Johnson holds home-field advantage at Fontana
Make no mistake, this weekend is all about Jimmie Johnson.
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Johnson may be 18 points behind in the championship fight to Mark Martin, but all signs point toward the three-time NASCAR Sprint Cup champion at Auto Club Speedway. He's the local favorite, having grown up just a few hours away in El Cajon, Calif. He's a Hollywood favorite, having appeared on The Tonight Show with Conan O'Brien Thursday night. And he's the emotional favorite, helping to raise over $500,000 for children and families in need through his golf tournament Wednesday in San Diego.
Oh, by the way, Johnson is also the race favorite with three wins and a 6.154 average finish in 13 starts at the 2-mile oval.
It's almost as if the schedule change that led to Auto Club Speedway's landing a Chase for the Sprint Cup race beginning this year was done with Johnson in mind.
On the flip side, those factors can also serve as increased pressure. But Johnson doesn't sound worried.
"I can certainly let different aspects of this weekend creep into my mind," Johnson said. "I have always done a good job of trying to keep it simple and just look at it as another race and it is one of 10. I need to go out and still run practice and get the car right, qualify, practice again and do my best job on Sunday. Hopefully, my experience over the years can help keep it simple and help my mind stay focused on the things that are really important and make a difference and not pay attention to it being a hometown track, a track that we have won at in the fall. It is a good race for us in the Chase."
|When Jimmie Johnson qualifies top-five at Fontana, it usually means bad news for the competition.|
Increased pressure or not, past performances don't lie, and competitors are in full damage control mode this weekend.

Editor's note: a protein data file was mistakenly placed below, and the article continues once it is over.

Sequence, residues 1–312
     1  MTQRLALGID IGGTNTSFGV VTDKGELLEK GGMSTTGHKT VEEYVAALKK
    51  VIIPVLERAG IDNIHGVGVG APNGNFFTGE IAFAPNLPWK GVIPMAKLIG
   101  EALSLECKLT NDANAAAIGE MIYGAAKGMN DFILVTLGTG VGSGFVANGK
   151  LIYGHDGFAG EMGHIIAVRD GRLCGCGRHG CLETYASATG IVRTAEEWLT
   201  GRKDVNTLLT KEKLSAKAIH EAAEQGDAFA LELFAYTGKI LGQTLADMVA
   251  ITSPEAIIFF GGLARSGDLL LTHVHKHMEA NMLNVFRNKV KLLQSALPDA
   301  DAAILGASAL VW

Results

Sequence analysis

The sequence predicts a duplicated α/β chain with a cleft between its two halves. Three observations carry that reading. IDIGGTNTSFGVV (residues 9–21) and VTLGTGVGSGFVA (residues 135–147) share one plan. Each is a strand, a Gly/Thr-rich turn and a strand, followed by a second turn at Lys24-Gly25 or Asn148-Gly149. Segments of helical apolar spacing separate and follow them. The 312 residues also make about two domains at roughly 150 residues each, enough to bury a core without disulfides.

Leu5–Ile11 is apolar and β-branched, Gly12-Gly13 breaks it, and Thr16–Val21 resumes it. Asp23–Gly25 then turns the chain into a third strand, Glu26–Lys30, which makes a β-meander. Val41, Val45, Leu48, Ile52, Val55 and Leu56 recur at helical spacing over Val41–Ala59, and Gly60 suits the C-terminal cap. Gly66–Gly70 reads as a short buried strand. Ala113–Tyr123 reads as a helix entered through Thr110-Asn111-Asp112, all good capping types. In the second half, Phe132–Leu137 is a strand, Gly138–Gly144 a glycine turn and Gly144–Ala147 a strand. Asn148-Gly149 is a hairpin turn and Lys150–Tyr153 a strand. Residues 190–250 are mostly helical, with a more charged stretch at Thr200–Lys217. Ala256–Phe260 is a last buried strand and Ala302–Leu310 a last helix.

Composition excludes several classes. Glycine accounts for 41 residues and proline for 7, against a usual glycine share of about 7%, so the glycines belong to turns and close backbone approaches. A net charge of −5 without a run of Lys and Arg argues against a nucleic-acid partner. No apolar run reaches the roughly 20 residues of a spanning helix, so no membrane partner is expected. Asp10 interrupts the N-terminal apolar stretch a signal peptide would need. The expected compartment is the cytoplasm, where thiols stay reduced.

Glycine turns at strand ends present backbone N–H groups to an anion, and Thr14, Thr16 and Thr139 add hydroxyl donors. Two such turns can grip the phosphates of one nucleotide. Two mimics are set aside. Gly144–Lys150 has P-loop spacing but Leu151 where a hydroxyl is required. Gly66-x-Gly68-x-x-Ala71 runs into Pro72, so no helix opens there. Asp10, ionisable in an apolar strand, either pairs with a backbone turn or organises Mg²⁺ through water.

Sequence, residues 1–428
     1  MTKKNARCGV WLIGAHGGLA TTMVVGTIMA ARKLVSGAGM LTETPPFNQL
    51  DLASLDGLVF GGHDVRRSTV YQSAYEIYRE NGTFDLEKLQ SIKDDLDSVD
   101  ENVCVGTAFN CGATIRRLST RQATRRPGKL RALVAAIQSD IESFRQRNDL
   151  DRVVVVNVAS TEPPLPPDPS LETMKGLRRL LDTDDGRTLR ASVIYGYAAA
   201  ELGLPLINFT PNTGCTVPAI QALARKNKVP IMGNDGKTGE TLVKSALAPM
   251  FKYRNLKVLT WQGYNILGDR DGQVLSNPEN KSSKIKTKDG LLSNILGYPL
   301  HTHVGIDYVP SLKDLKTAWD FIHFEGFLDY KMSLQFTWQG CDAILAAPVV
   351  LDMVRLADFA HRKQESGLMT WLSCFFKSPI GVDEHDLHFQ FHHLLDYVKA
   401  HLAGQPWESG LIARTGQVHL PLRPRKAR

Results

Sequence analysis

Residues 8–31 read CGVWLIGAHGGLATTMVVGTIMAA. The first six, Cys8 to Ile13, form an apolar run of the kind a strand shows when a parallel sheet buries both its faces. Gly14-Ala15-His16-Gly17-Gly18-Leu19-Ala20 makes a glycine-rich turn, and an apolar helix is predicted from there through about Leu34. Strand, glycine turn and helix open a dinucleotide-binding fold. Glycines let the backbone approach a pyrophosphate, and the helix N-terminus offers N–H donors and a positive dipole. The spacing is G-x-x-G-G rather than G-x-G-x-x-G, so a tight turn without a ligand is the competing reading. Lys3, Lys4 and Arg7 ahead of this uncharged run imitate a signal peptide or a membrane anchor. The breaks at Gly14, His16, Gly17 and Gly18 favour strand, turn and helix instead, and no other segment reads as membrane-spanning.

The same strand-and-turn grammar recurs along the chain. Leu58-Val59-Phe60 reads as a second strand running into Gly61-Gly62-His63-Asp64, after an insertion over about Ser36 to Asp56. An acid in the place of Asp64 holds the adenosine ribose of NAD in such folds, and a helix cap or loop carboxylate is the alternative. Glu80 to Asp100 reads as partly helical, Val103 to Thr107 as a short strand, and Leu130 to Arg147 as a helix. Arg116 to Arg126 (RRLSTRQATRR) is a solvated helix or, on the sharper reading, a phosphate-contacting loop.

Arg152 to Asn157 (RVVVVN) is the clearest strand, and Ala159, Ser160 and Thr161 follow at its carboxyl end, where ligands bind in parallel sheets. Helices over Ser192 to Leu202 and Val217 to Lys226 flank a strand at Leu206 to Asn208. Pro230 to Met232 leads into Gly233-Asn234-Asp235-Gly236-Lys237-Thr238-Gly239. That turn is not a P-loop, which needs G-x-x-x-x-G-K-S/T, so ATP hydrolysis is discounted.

"For me, to be honest with you, last week, this week and probably Martinsville are the three tracks I look forward to try not to lose as many points as I can against (Johnson)," title rival Juan Pablo Montoya said. "The way I see it, if you can go through those three races without getting yourself out of reach of Jimmie, you'll be fine."
With a top-five starting position in hand after Friday's qualifying, it looks as if nothing will derail the Jimmie Johnson weekend in California.
After spending over a month on crutches for a right foot fracture, Carl Edwards arrived in Fontana walking unassisted.
"I don't have them. I'm committed," Edwards proclaimed.
"It feels great to be off of my crutches. I'm not in the clear yet. As long as I don't mess this thing up, I'm good. I'm allowed to walk on my heel, so that's good."
Although Edwards left the crutches at home for the first time since his freak Sept. 3 Frisbee incident, NASCAR has a set just in case.
However, there's another reason Edwards has a spring in his step. Though he hasn't lived up to the preseason hype so far this season, it isn't lost on Edwards that he is 165 points behind championship leader Mark Martin with seven races remaining in the Chase — the same amount Jimmie Johnson was adrift before storming back to win the title in 2006.
"You come to every race to win, and until it's a mathematical impossibility, we fight for the championship," Edwards said. "We're the same team that won more races and scored more points than anyone else last season, so I still hang on to the fact that we can do it. We just have to execute it. We have to go put our flag out there."
Not a good feeling
As if battling flu-like symptoms weren't bad enough, Kyle Busch got more news Friday that would make a racer sick to his stomach when his team switched engines after the day's lone Cup practice session.
As a result, Busch will start at the rear of the field in Sunday's Pepsi 500 despite qualifying 19th.
The driver of the No. 18 M&M's Toyota has one win, four top-five and eight top-10 finishes in 10 career starts at Auto Club Speedway. The victory came when he qualified 25th in September 2005, his worst start to date.